baseball batterWhether watching TV or a live game, taking notice of what’s taking place on the field gives you an appreciation of the small details that can pay huge dividends down the road. Was the outfielder not in the correct backup position? Did the shortstop throw the ball to the correct base, preventing the runner from advancing? Is the hitter getting ready to hit on time? Is the pitcher tipping his pitches by the way he holds the ball?

Talent can take players and teams far, but if you ask any coach it’s those little things that can truly make players and teams of the championship variety. Most times, those little things can’t be seen unless players are really paying close attention.

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I’ve often asked my own players if they noticed a specific play in a particular game, the idea being to use it as a teaching point. Few ever raise their hand. What I realized is that while these guys love to play, they don’t enjoy watching. My playing career ended 10 years ago, and it was a different time with far less to occupy our down time. But my love for the sport combined with a drive to improve had me constantly watching games if I wasn’t on the field.

I had a very non-descript minor league playing career before an injury pushed me toward coaching. A lifetime .260 hitter, much like Green, I too “enjoyed” plenty of time from my front-row seat on the bench. But my genuine interest in the game enabled me to take full advantage of that time. During my playing career, former coaches complimented me by saying that having me on their team was like having another coach on their staff. Now, as a coach, I realize how valuable it is to have guys like that.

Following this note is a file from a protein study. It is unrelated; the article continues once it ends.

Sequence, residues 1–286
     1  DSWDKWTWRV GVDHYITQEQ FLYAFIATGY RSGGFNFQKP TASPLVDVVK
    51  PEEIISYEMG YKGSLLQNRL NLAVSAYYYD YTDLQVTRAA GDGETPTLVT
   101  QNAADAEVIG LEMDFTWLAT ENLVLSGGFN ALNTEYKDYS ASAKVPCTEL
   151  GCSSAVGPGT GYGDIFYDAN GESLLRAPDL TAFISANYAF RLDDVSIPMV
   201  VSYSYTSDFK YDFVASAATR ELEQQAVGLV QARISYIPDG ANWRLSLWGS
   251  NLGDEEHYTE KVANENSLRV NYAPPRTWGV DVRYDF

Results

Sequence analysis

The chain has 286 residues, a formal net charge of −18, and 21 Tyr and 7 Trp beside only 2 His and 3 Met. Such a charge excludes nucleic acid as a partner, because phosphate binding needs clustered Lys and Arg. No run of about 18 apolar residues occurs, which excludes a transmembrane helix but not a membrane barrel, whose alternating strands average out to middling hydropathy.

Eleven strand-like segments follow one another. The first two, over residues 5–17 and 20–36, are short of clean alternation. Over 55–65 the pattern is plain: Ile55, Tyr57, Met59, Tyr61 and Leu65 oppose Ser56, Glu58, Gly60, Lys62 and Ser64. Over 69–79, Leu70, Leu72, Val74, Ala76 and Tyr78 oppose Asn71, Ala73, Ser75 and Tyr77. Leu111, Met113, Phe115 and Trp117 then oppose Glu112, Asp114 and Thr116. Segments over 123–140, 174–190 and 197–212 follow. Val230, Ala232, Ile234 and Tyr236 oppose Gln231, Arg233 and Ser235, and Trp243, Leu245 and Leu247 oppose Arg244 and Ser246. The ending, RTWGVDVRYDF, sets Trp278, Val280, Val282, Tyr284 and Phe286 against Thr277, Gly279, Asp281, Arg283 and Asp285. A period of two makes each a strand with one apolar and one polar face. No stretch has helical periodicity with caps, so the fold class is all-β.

Watching made me smarter for when it came time to play. Watching taught me so many things that put me in a position to be successful on the field, in addition to the countless things that would hinder my development. I can say watching enabled me to help my teammates improve throughout the season. Watching as a player helped me to become a better coach. Watching taught me so much.

If watching the game teaches so much to those who don’t play, imagine what it can do for those who do.

Darren Fenster is manager of the Greenville Drive, a Class A affiliate of the Boston Red Sox. Find him on Twitter at @CoachYourKids.